Define and characterize mission statements. What roles do mission statements play for a project?
A mission statement states the purpose of a project—its general direction and aims. In a few sentences or paragraphs, it states what the project and its sponsoring clients are trying to achieve.
Mission statements play two very important roles in a project. The first is that a mission statement helps establish and maintain the project’s overall direction. The second is that it can help establish “common ground” among a project’s stakeholders.
Describe how mission statements help to establish common ground.
Mission statements that are designed with the principal stakeholders’ advice and consent become a declaration of the stakeholders’ common aim. As such, they provide common ground for those stakeholders’ interests. That common ground can be used throughout the project to keep stakeholder ties strong, especially when unforeseen events arise and call for project changes.
What is a stakeholder in a project? Who are the stakeholders reviewed in this chapter, and what are their concerns or interests in a project?
Stakeholders are those who have an interest in the mission of a project or how it will be achieved and who can deeply affect it in some way.
Important stakeholders in any project include the clients of the project and the host or performing organization in which the project is being done. The project team is an important stakeholder, as are the end users and various resource suppliers.
Clients’ interests lie in having their needs met as much as possible, as quickly as possible, and, generally, for as low a price as possible.
The interests of host organizations include making a profit from the endeavor and keeping the project and other parts of the organization running smoothly.
Project teams’ interests are simply to be able to do the project given the time and cost constraints and the products and services to be delivered. Other key interests are to have a smoothly running project with minimum disruption from changes and having the resources to do the job when they are needed.
End Users’ interests focus on the utility of what is produced for them.
The primary interest of outside suppliers is to increase their revenues by servicing the project. Often, their interests focus more on revenues than on other issues important to the project.
What are the objectives and deliverables in a project? How do they differ from one another and from the mission statement? What roles do objectives and deliverables play for a project?
Project objectives are those outcomes a project needs to achieve to fulfill its mission. The project’s deliverables are the specific products and services produced to achieve those objectives.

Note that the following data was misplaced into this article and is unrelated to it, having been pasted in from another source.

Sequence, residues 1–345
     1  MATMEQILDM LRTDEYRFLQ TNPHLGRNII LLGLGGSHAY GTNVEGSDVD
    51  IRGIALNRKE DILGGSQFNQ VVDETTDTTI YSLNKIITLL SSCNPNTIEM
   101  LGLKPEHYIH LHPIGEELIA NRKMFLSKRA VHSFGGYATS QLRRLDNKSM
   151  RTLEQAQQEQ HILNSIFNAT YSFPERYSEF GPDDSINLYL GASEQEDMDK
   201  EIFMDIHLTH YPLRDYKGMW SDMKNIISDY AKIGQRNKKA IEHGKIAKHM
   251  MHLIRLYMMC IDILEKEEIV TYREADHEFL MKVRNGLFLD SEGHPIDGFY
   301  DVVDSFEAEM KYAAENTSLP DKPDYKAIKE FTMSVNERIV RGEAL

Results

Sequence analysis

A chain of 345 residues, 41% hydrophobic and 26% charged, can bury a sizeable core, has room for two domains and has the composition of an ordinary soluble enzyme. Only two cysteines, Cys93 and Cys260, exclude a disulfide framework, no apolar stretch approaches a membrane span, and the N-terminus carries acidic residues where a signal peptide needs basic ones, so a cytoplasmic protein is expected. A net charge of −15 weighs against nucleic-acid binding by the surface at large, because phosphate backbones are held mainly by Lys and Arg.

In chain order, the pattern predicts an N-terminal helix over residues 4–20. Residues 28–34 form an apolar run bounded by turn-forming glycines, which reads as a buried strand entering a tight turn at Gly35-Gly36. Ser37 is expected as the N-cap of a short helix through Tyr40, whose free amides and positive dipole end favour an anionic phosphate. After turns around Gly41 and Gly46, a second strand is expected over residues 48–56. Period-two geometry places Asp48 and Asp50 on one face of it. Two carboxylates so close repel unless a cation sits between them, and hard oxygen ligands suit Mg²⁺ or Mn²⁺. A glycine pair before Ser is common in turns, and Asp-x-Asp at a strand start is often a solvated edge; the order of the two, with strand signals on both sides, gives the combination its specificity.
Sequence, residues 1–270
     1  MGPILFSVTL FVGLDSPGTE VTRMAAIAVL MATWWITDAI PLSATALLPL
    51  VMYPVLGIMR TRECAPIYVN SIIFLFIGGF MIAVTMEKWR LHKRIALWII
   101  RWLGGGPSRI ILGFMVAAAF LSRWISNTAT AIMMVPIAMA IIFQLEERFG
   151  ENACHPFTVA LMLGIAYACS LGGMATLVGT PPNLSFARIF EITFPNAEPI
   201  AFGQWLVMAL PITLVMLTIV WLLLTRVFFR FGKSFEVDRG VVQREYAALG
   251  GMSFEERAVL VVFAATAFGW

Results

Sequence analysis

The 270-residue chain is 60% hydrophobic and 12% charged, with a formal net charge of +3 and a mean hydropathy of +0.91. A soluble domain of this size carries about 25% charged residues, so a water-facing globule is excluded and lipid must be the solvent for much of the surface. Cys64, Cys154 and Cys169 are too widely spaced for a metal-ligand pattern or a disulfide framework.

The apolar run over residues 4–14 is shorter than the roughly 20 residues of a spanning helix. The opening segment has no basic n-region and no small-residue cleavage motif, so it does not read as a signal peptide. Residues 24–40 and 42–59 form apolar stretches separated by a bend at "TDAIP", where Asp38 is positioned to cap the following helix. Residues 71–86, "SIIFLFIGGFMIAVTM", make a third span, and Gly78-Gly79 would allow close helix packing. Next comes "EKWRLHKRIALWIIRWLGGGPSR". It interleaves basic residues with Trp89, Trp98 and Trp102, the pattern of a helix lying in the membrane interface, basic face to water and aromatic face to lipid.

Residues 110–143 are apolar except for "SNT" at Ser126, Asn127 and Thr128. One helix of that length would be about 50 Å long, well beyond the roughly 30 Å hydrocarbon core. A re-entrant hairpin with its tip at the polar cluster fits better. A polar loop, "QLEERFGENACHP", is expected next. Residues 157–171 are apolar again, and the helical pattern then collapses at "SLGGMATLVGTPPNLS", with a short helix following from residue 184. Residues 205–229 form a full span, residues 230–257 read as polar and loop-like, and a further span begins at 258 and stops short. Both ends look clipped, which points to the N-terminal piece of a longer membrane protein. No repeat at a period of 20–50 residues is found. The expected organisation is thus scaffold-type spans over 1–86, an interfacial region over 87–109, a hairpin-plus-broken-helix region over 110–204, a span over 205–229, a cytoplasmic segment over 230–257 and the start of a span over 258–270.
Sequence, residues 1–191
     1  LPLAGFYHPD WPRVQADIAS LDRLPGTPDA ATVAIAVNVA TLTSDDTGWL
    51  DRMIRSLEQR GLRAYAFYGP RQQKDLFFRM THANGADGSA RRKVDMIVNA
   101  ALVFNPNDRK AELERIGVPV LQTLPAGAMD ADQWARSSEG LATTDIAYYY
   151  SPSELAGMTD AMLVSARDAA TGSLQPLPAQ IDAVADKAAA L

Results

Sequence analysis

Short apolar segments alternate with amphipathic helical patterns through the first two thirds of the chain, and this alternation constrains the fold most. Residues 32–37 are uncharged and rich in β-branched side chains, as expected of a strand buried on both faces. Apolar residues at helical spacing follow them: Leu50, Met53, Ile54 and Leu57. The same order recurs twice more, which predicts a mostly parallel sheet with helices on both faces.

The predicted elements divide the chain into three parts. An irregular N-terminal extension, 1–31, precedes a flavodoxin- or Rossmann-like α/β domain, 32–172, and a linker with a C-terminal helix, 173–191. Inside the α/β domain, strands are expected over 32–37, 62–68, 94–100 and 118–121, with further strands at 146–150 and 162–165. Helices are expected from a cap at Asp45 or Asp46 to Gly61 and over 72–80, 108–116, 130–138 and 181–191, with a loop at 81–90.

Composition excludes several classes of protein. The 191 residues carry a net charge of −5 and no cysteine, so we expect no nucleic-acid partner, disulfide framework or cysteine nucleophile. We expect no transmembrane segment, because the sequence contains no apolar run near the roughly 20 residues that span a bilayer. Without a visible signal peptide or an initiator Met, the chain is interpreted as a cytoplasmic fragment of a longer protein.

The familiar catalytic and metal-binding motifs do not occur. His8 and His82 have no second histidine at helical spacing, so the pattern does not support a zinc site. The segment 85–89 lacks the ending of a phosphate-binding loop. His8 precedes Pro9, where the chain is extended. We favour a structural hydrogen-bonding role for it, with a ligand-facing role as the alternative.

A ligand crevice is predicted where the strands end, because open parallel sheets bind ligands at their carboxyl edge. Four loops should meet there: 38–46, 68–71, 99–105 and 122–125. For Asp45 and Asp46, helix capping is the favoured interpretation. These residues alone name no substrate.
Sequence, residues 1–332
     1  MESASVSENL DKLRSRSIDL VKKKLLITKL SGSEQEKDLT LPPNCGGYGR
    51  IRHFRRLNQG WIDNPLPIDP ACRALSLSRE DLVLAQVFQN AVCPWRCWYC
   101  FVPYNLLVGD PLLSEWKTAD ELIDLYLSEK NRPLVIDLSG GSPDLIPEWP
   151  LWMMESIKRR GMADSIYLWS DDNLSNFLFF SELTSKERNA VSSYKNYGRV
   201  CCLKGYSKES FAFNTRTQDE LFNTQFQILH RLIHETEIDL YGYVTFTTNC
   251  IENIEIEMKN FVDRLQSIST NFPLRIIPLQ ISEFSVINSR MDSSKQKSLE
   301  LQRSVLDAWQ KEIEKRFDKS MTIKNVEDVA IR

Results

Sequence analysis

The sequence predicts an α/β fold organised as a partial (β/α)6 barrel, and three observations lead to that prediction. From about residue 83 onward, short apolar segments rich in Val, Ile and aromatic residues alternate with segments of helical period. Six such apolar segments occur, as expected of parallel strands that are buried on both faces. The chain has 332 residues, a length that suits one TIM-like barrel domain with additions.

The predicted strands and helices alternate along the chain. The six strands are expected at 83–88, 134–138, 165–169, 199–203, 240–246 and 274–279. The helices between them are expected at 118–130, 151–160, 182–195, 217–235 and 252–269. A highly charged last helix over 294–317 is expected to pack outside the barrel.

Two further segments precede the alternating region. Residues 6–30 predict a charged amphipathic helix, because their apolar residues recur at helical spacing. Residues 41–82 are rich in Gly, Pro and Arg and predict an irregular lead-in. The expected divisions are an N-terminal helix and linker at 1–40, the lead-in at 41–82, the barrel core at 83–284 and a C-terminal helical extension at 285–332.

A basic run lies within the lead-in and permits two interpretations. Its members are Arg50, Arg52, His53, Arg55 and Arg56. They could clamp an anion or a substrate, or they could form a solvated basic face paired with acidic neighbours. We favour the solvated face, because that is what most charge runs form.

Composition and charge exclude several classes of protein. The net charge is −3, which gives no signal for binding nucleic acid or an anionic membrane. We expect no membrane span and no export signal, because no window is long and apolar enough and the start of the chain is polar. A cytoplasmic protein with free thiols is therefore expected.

One objective might focus on the effects of the event itself—what kinds of customers show up and how many. Another might focus on the advertising designed to get them to show up—who will it reach?
Project deliverables include interim as well as final deliverables. Final deliverables include the products and services the project is to ultimately provide the client. Once these deliverables are provided, the project’s mission is complete—the job is done.
Project objectives and deliverables play a variety of roles in a project. One is that they help clients define their goals in concrete terms. Another is that they provide the project team with specific outcomes to achieve. Still a third role is that they force stakeholders to make hard choices and trade-offs as they pursue their interests.
What are some of the key resources that need to be considered early in the development of a project?
Resources include all products and services that the project team will need in order to produce project deliverables. These include human resources, information, and authority.
How might ballpark estimates of project costs be developed early in the project? How should cost estimates be handled when working with the project’s stakeholders?
Outside clients, tend to overlook a lot of project activities and underestimate the actual costs of project items. Higher level managers in the host organization can also overlook cost items that are more apparent to project leaders working in the trenches.
Whether a project leader is asked to develop a project budget or is given one by the performing organization, he or she needs to think through the implications in terms of deliverables and scheduled delivery very carefully and convey the implications to his or her manager and clients. This is a valuable service but one that often requires, at the same time, both tact and assertiveness.
7. What is a project charter? What forms can a project charter take? What are reasons that a project charter should be developed and used?
A project charter is a thorough description of a project, and it formally authorizes the project to proceed.
A project charter can be as formal as those used in project organizations or as informal as a memo or e-mail that has been approved by the project sponsor—the manager with the authority to approve a project and commit organizational resources to it.
A project charter describes the project in enough detail that a sponsor can make an informed decision about whether it is worthwhile to commit resources to it.
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